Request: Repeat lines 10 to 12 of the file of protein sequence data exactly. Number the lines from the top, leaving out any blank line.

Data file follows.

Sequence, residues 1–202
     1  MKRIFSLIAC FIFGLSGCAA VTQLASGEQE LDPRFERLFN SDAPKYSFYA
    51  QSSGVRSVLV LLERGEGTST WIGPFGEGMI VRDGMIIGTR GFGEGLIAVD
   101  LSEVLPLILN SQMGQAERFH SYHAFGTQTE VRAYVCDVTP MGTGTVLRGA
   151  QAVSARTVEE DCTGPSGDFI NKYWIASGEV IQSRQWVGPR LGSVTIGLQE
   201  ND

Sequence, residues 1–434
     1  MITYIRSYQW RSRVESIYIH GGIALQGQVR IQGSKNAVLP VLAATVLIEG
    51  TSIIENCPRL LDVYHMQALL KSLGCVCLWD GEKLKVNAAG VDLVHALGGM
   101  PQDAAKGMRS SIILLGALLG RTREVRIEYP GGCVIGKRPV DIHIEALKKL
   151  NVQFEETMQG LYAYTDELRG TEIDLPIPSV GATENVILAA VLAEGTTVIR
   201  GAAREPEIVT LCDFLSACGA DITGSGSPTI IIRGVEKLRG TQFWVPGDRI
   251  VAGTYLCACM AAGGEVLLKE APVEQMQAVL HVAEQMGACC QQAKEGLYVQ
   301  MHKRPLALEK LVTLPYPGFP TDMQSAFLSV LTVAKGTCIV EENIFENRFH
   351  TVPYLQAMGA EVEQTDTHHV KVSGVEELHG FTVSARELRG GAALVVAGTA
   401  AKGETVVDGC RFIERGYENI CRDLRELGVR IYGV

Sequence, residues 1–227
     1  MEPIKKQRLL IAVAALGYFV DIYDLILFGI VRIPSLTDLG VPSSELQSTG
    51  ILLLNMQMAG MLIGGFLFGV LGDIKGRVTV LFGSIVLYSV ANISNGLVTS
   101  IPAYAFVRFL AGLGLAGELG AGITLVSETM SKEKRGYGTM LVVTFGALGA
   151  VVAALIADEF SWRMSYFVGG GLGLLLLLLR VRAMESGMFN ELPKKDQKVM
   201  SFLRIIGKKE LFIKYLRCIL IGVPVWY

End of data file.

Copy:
   101  PQDAAKGMRS SIILLGALLG RTREVRIEYP GGCVIGKRPV DIHIEALKKL
   151  NVQFEETMQG LYAYTDELRG TEIDLPIPSV GATENVILAA VLAEGTTVIR
   201  GAAREPEIVT LCDFLSACGA DITGSGSPTI IIRGVEKLRG TQFWVPGDRI